In 2000 I wrote the following article in remembrance of a distinctively unique experience in my life and the lessons that I learned from that experience.
Thinking about…Vietnam, mistakes, and ministry
In the summer of 1968 I was a youth pastor and had taken my youth group on our second annual Western Camping trip to the mountains of Colorado. We were camped near the ghost town of Marble, which is approximately twenty miles across the mountains (as the eagle flies) from Aspen. On a warm afternoon the group, which included teens from several churches, was rappelling on the cliffs surrounding the marble quarries a mile or so above the old town. From these huge quarries had come the marble used to construct the Tomb of the Unknown Soldier in Arlington National Cemetery and other famous structures in our nation’s Capitol.
I had taken a small group on an errand back to the campsite. We were slowly driving a four-wheel vehicle back up the steep trail when we came upon a couple hiking up the mountain. As they stopped to let us pass, we recognized that it was former Secretary of Defense Robert McNamara, who had only a few months before he resigned from President Lyndon Johnson’s cabinet amid the growing controversy swirling around the unpopular Vietnam war. For the next couple of hours our combined youth groups played host to this famous couple, demonstrating our daring exploits on the cliffs.
The fact that is significant about this encounter is that at the moment we were entertaining Secretary McNamara, the infamous Democratic National Convention of 1968 was being held in Chicago. And at the very time we were showing off to the man known as “The Architect of the Vietnam War,” protesting students and police were waging a bloody battle on Chicago’s streets. From then on the national turmoil over Vietnam worsened until the war was finally stopped in 1973. Actually the distress of that conflict still lingers today in our country.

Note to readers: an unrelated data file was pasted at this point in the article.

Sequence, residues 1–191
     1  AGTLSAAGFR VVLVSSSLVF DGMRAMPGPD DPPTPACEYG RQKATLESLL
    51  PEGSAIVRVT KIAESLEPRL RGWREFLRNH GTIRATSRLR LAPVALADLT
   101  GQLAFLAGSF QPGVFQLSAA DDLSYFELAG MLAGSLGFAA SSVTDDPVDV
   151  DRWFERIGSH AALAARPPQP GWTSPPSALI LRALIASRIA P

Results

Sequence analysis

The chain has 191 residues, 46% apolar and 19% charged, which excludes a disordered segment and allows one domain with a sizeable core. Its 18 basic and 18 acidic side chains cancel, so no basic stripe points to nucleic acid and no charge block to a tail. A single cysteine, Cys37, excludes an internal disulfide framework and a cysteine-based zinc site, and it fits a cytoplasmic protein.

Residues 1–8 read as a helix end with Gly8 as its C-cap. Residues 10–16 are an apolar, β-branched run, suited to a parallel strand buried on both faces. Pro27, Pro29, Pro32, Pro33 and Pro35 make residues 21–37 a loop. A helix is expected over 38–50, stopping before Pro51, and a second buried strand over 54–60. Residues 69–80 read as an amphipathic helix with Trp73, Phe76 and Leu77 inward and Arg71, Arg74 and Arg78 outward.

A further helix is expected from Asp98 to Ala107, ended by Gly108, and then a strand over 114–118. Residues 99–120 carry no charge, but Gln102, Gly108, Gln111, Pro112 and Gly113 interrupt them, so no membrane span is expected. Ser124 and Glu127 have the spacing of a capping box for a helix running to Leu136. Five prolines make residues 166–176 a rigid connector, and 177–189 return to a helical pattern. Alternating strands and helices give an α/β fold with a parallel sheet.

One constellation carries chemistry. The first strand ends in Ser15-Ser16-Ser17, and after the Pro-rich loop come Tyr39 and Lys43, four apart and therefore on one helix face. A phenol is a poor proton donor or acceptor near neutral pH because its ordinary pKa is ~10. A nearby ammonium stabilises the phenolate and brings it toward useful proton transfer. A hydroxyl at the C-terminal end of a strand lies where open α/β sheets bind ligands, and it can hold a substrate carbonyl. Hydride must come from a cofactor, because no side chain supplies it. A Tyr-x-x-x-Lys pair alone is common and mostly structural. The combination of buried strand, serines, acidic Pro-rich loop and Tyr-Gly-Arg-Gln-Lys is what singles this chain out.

Recently, I’ve read two books that McNamara has written during the last five years: In Retrospect (1995) and Argument Without End: In Search of Answers to the Vietnam Tragedy (1999). In the first book Mr. McNamara attempts to take responsibility for and explain the mistakes that he made, as well as those made by President Johnson and the other top advisors who led our country at that time. Not everyone agrees with his assessments, and further controversy has resulted from this book. The second book is actually a collection of thoughts from former U.S. leaders, scholars, and even representatives of the enemy nations. Truly, the title accurately represents the contents of the book, and it typifies the disagreement that still exists about this troubled era of our history.